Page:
The economic-development authorities are particularly dubious. They’re legacies of the sixties, when then-governor Nelson Rockefeller thought that state-run economic development would help insulate citizens from disruptions in the private-sector economy, including the loss of upstate manufacturing jobs to the south and overseas. The authorities help favored companies and
developers obtain tax and zoning exemptions
as well as invest state money directly in favored businesses, giving them a leg up over the competition.
But such central planning, even when run by disinterested professionals, can’t replace the wisdom of the market. When the ESDC makes the right decision about supporting a business or industry, it simply displaces private-sector development. When it makes the wrong one, it has no bottom-line discipline—a financial loss or shareholders who question results—to force it to change course, as private-sector firms do. The result is wasteful government spending on
commercially unsound projects and on unproductive government jobs, supported by higher taxes—not a healthier private-sector economy.
A recently approved ESDC-backed project, the Atlantic Yards basketball and housing project in Brooklyn, sponsored by politically connected development firm Forest City Ratner, is a perfect example of this wasteful superfluity. To build its stadium and 6,000 or so apartments in central Brooklyn, FC Ratner needs about $500 million in state and local subsidies, and it
depends, too, on the state’s eminent-domain
power to condemn properties in the project’s footprint. But much of the state’s involvement here is unnecessary. The central Brooklyn area where FC Ratner plans to build was an up-and-coming neighborhood, winning new private residential and commercial investment, long before the state-supported development firm announced its plans three years ago.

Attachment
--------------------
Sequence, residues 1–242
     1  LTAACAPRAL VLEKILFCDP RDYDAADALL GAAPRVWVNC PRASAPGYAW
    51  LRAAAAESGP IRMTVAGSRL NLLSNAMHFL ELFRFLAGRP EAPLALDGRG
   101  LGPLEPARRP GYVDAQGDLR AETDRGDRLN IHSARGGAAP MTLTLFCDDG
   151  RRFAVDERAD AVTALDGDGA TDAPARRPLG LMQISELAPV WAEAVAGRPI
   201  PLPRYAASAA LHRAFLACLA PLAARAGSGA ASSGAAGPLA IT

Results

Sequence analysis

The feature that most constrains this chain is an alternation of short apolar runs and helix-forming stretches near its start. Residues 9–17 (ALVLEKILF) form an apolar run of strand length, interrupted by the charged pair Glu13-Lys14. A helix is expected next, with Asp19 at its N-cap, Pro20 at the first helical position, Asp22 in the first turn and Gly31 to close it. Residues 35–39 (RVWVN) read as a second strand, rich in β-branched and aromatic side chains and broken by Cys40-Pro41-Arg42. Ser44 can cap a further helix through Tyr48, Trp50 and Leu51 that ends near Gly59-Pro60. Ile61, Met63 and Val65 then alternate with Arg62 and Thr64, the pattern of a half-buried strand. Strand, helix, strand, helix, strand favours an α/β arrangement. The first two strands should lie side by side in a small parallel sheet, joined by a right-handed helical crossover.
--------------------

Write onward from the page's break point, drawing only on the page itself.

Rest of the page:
Spitzer deserves kudos for appointing an upright fellow to run the ESDC. The real goal, though, should be to shut it—and other authorities—down. But that’s one more tall order. Brooklyn state senator Seymour Lachman, author of an Albany exposé, Three Men in a Room, helps explain why: “It would be difficult to imagine the struggling upstate economy being able to survive on its own if it were weaned from the public trough. This may be the state bureaucracy’s biggest virtue, as an important hedge against the vicissitudes of the market economy for tens of thousands of New Yorkers, their families, and their towns.” In many parts of New York, of course, the state’s spending and the high taxes that accompany it have pushed private investment away, producing the economic blight for which the pols think more state spending is a remedy—though it is hardly a sustainable one. The nominally private-sector construction firms and vendors that profit from authority contracts all over New York like things the way they are, too. All that taxpayer-supported debt is also a gold mine for the nominally private-sector lawyers and bankers who arrange the debt and sell it to investors.
Top state pols have close personal and political ties with the authorities, making these largely unaccountable entities even less assailable. Recent governors have long used their privilege of
appointing executives to the authorities as
a patronage tool, while other top state pols
have relied on them as a source of state-